So, the Federal Trade Commission (or the FTC, as we refer to it – or as Eminem says, “the FTC won’t let me be, let me be me, so let me see…”) has decided to add some “Lighting Facts” labels to lamps now. Â Check these babies out – hopefully you say “hey, those are lighting nutrition labels!”
So obviously there are two labels here – one for lamps containing mercury, and one for lamps that do not contain mercury.
What do you think of these labels? Â Quite frankly, I think there is some information missing, and I’m probably being overly anal about this – but it’s my blog, and I think it needs more stuff! Â First, what happened to the colored “Light Appearance” graph? Â Like this:
CRI, CCT, efficacy, maybe even the equation for people to figure out how to determine their own yearly energy usage cost per lamp based on their OWN kilowatt-hour price and usage hours per day. Â Now these are things that I think would be important, no? Â Granted I am a lighting nerd, but I really think that dumbing something like this down just drives down the intelligence level of our society. Â What’s wrong with providing more information? Â I mean, how many people actually give a damn about how much Selenium their McNuggets have?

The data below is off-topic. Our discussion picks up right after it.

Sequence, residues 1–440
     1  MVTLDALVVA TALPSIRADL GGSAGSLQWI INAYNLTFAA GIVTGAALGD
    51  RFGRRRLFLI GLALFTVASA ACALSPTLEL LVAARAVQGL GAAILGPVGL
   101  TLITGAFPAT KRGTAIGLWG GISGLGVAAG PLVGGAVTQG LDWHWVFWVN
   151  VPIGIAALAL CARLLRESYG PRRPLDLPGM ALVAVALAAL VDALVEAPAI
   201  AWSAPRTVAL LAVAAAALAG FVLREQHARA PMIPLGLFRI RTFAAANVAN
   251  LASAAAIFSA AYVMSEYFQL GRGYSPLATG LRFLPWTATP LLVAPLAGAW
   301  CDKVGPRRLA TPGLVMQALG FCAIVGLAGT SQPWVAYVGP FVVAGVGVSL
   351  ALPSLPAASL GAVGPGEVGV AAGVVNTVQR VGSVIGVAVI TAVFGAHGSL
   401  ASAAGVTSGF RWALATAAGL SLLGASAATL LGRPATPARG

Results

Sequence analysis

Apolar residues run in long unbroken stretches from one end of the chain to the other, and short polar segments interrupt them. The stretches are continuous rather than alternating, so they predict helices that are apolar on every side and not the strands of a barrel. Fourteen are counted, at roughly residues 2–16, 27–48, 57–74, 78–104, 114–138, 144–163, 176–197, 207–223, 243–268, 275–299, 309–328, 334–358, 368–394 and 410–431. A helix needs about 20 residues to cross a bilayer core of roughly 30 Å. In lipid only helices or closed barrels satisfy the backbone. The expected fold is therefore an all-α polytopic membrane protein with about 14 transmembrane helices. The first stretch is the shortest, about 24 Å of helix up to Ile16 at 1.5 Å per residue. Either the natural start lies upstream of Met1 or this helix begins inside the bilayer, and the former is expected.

My point exactly. Â But we get to know about minute differences like that with food. Â Why can’t we know about more detailed aspects of our illumination? Â Don’t get me wrong – I’m glad that we have this now, being implemented in mid-2011, because it’s better than nothing. Â From the FTC website on the matter:
Under direction from Congress to re-examine the current labels, the FTC is announcing a final rule that will require the new labels on light bulb packages. For the first time, the label on the front of the package will emphasize the bulbsâ€™ brightness as measured in lumens, rather than a measurement of watts. The new front-of-package labels also will include the estimated yearly energy cost for the particular type of bulb.
Yeah. Â It is definitely better measured in lumens, don’tcha think? Â That’s my two cents.
Thanks to the Lighting Facts website and the FTC’s post on the subject.